Letters

Letters to the editor dated March 17, 2021

| Updated on March 17, 2021

Bad Bank essential

This refers to ‘How to make good assets with a 'Bad Bank'’(March 17). While among others, the health of financial intermediaries is crucial in driving economic growth and social development, it is also imperative to sustain the quality and value of the assets created by the lenders.

However, in the course of the banking business, particularly pertaining to the deployment of funds, the transformation of good money or assets to stressed and bad assets in large numbers is crippling credit expansion and eventually the growth of economic activities. It is important to implement fresh reforms to eliminate the creation of bad assets. At this juncture, the lenders, the regulator and policymakers have to further strengthen the execution of economic reforms and oversight.

The creation of a new Bad Bank is essential to maintain the lending capacity of banks and, thereby, ensure smooth flow of institutional credit to all segments of the economy. The proposed ARC must, however, be financially robust enough to pay for the bad assets without lag.

VSK Pillai

Changanacherry

SPAC can wait

Apropos ‘Deny SPACe’ ( March 17), the new model of investment in shell companies floated by blank-cheque firms to acquire companies through the IPO route, though followed globally on large scale, is too early for India, with poor levels of investor intelligence in such deals.

Many sops are proposed to attract more global investments through the off-shore centre at GIFT IFSC, primarily keeping in mind the huge PSU divestment programme by opening up FDI in more sectors. However, in the absence of proper regulatory mechanism for investor protection and operational guidelines, experimenting with such complex deals through the newly started IFSC would be a credibility risk and any failure on account of improper handling or misuse, may permanently impair the Centre’s chances of attracting international investors to operate through the centre.

Sitaram Popuri

Bengaluru

Avoid rigid stance

While there is no argument that the regulator needs to think twice about allowing SPACs, taking too rigid a stance will prove to be counter-productive. It’s unlikely that GIFT ISC will take off in a big way if the operations there appear to be managed too rigidly by the regulator. As in the case of all other financial instruments, SPAC issues too can be permitted initially up to a certain issue size and the regulatory framework can be put in place on an as-needed basis.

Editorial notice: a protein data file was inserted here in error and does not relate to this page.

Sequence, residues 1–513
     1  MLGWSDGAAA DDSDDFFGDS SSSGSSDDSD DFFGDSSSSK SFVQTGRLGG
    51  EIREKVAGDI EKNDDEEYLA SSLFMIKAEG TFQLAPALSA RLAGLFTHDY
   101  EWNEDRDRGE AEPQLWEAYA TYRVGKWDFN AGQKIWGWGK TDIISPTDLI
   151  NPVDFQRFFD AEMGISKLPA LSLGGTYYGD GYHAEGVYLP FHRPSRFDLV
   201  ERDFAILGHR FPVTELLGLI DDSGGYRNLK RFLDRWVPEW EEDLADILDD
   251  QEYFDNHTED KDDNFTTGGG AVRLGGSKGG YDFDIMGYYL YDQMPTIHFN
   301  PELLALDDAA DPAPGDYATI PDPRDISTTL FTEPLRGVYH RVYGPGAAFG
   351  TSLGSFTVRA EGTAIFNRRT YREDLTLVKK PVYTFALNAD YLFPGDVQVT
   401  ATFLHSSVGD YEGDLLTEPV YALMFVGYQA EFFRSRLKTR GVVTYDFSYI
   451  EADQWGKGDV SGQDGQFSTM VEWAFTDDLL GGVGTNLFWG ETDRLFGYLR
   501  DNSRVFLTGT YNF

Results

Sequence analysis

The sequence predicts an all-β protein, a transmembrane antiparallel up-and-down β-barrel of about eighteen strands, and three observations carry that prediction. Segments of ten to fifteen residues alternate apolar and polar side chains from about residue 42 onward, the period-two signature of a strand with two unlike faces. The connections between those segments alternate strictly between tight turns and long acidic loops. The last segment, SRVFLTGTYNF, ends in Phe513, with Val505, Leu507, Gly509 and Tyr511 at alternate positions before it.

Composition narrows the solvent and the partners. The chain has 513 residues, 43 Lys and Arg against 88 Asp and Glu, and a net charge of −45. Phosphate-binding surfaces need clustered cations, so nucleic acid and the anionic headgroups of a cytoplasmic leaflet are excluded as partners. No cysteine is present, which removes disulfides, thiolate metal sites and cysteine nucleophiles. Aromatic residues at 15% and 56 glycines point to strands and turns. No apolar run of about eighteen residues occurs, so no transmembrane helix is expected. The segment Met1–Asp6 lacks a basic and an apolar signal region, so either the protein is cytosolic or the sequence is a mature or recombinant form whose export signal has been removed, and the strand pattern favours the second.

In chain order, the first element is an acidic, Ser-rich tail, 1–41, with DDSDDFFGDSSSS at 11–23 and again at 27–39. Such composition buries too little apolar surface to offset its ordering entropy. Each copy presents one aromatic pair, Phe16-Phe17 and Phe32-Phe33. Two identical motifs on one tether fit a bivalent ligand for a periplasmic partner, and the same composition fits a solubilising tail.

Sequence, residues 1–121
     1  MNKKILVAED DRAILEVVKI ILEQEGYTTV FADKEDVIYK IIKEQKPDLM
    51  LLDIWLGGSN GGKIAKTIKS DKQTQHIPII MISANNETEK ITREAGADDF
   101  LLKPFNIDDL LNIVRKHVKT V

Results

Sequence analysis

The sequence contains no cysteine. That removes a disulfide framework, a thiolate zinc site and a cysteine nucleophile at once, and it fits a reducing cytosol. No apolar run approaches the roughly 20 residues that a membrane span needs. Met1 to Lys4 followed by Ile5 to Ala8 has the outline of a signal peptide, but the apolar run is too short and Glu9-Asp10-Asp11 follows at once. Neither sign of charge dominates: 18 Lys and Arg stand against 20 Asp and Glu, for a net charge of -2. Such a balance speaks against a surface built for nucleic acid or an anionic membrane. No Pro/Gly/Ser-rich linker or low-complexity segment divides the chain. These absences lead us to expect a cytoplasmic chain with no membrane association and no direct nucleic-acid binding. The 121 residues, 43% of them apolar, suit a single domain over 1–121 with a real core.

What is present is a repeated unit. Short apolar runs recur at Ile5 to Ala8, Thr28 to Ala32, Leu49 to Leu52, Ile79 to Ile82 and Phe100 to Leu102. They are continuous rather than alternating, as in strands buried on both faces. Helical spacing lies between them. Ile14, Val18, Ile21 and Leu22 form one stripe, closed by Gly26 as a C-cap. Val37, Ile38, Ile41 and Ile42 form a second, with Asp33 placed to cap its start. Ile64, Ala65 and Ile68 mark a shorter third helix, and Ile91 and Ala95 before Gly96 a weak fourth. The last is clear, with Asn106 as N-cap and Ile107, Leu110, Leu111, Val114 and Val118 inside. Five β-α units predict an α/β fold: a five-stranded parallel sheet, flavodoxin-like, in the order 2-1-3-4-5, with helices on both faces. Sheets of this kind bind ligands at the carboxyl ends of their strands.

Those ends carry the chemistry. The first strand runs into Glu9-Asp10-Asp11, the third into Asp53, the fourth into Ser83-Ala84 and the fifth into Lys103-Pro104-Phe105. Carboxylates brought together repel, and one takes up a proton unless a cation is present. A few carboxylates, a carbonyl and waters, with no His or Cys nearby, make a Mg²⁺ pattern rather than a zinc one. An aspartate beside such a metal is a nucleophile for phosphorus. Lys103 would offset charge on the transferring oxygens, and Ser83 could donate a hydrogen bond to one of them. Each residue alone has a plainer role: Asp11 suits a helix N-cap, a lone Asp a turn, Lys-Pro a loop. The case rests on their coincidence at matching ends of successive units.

V Nandakumar

Chennai

PSU divestment

This refers to ‘‘File and forget’ charade’ (March 18). The government’s attempt to window-dress the disinvestment of PSUs is not only unethical but illegitimate. Directing certain firms to bid for PSUs despite their disinclination and even when they may not have the wherewithal to bid amounts to gaming its own system. It also amounts to promotion of cartelisation as the government may advise a handful of bidders to quote the price as per its direction. Despite these questionable measures, privatisation of BPCL and Air India is coming a cropper.

Deepak Singhal

Noida

Forensic audit

The ‘ICAI prescribing standards for forensic investigations’ (March, 17) is a welcome move, given the alarming rise in the number of ‘accounting, financial and loan irregularities’ committed by corporates, with banks, especially the PSBs, bearing the brunt.

The RBI mandates forensic audit in banks whenever an advance above a certain threshold turns into NPA to ascertain the reasons thereof. Based on the audit findings, banks take a call on whether the borrower is a wilful defaulter or a fraud and decide upon further course of action in recovering their dues. Though this makes the whole exercise appear like a post-mortem, by converting every forensic report into a case study and sharing the same among all banks, the RBI could prevent recurrence of similar events.

V Jayaraman

Chennai

LETTERS TO THE EDITOR

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Published on March 17, 2021

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